smoking butter is such a great and simple idea - we smoke cheese, why not butter? it adds a lovely flavour to country bread and is great tossed with steamed veggies, you can make a killer beurre blanc sauce with it too, as they do in the Lark Cookbook. I used it here with fresh sliced radishes and flaky sea salt.
my attempt at smoking butter was a bit of trial and error. I used fine oak shavings my carpenter friend gave me, the recipe first called for chips. I used a roses tin for the smoke box. which I needed to make the holes a bit bigger. i'd say half a centimetre would have been best.
Monday, May 6, 2013
Lark: Cooking Against the Grain by John Sundstrom, (head chef of Lark, Seattle) was recently gifted to me by my good friends back in Seattle. Lark first opened its doors in 2003. before then john sundstrom worked in the acclaimed seattle restaurant: the Dahlia Lounge as well as being head chef at Earth & Ocean in the W hotel, Seattle. John has been featured on the Food Network’s “Best of“ Show as well as ”Food Nation”. Also John was featured in the PBS original series “Chefs a-field”, which was nominated for a James Beard Award. John was named “Best Chef Northwest” by the James Beard Foundation. john sundstrom obviously knows what's up with food.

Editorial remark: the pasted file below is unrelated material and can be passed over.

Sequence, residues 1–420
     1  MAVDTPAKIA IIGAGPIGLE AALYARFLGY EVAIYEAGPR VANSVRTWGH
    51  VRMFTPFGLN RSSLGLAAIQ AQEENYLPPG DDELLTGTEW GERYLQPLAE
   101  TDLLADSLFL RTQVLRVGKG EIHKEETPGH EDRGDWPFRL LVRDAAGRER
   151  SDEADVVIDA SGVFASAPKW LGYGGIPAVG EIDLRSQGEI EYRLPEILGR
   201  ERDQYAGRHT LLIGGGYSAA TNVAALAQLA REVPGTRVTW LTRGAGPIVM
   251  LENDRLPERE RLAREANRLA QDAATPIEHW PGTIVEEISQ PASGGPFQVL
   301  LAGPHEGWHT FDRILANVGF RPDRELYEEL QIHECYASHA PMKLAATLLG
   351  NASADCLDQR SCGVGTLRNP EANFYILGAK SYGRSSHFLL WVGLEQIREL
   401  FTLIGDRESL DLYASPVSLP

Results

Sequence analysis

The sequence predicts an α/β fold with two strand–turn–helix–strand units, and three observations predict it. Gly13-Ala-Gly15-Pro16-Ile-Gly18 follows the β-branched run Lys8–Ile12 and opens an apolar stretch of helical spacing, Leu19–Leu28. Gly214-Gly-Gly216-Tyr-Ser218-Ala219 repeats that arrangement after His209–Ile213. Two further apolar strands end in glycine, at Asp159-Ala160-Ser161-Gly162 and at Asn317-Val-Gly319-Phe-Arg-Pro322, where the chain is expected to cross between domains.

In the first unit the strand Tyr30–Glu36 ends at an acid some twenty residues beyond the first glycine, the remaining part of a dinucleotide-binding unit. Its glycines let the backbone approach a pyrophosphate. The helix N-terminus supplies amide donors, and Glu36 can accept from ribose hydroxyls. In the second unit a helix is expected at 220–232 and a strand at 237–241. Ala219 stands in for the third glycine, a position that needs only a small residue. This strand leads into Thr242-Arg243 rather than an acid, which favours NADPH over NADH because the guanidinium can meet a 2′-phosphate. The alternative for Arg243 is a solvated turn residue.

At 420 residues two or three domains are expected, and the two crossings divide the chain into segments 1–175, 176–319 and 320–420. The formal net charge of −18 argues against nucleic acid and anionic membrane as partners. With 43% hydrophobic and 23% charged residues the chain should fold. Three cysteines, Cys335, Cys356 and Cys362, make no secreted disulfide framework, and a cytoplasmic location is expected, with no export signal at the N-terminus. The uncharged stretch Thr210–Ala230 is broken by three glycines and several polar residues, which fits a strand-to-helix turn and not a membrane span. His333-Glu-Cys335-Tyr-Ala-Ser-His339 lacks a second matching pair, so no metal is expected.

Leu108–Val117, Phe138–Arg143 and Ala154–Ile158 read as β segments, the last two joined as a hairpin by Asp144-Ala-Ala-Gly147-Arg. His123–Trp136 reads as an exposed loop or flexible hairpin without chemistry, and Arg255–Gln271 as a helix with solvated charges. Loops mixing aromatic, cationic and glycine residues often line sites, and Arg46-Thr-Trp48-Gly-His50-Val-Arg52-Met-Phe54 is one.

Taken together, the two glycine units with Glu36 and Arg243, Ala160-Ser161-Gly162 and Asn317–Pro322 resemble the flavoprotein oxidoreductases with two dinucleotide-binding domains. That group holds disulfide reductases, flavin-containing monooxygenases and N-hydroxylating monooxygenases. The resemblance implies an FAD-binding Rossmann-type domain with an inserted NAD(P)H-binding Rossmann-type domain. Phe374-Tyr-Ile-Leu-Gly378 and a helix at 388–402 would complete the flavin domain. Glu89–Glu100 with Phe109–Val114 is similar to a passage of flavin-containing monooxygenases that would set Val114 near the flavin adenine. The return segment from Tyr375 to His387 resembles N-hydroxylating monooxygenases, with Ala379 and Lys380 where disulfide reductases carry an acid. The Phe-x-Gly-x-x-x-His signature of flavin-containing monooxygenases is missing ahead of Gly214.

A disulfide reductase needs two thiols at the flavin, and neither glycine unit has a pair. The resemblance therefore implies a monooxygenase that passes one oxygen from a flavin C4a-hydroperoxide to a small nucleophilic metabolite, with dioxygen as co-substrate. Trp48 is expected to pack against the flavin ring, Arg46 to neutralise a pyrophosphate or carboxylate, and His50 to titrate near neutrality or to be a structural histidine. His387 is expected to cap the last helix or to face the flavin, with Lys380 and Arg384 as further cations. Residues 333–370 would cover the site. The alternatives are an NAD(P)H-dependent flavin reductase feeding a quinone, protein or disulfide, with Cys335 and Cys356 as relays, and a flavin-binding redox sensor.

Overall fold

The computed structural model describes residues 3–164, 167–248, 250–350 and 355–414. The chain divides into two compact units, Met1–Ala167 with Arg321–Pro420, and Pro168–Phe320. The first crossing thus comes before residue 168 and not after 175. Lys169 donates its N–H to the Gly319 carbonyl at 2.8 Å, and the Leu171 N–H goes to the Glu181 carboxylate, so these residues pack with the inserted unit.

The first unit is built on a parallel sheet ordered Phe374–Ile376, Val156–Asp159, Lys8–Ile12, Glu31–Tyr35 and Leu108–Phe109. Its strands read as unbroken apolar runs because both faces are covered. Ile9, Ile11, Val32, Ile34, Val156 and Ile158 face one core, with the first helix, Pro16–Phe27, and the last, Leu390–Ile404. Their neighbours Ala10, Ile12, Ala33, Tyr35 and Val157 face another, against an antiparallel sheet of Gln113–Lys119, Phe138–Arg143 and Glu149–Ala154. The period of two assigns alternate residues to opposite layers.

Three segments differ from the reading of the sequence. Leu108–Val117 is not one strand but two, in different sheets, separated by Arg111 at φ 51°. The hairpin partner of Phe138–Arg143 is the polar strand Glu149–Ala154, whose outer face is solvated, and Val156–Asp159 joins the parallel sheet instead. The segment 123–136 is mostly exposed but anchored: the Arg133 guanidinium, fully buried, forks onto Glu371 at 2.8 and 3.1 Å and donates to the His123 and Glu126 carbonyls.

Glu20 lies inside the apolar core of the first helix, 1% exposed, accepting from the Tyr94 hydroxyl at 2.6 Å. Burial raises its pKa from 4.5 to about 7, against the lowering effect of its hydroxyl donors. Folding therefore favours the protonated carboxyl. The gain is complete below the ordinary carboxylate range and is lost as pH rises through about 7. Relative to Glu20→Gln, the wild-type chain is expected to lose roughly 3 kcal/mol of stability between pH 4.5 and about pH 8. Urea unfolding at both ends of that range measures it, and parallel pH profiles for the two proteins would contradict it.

after working in the food industry for a number of years myself and discovering how hard it can be to run a business, i swore i'd never want to open my own place. while reading this wonderful cookbook i was won over by the romance of running a restaurant, selecting quality ingredients (local and from afar), cooking them with care and then sharing the bounty of great food with others. food with a story. i then began to have second thought sof my own. I've come to my senses since, but the power of this cookbook is still there. every time i open it i see something i missed the last time, its held its place by the bed for some weeks now. most books last a few nights if their lucky!
the book itself is organised into seasons, the pacific northwest is generally a mild climate and lacks a real wintery cold period, much like Ireland. so, John Sundstrom breaks the seasons into three distinct categories: Mist (nov-march), Evergreen (april-july and Bounty (aug-oct). the menu at Lark changes weekly depending on whats available and at its peak from vegetables, foraged food, whole pigs, lamb and cheeses. with this in mind the book is not entirely devoted to staying local. how can you beat real parmigiano reggiano, anyway? some great foods are just worth the air miles.
i was absolutely sold on the book when i came across this recipe with smoked butter, prawns and Brussels sprout leaves. smoked butter? yes! in a sauce? wow. the books recipes are clearly written along with encouragement to mix and match the recipes to your liking and what you have in season at your given time.
i love the emphasis on vegetables as a main ingredient, a trend that is getting stronger as of late in the food world. veg isn't just a second thought on the table, its in the spotlight. just look at this yummy plate of beetroot three ways, cooked, pickled and raw. heaven.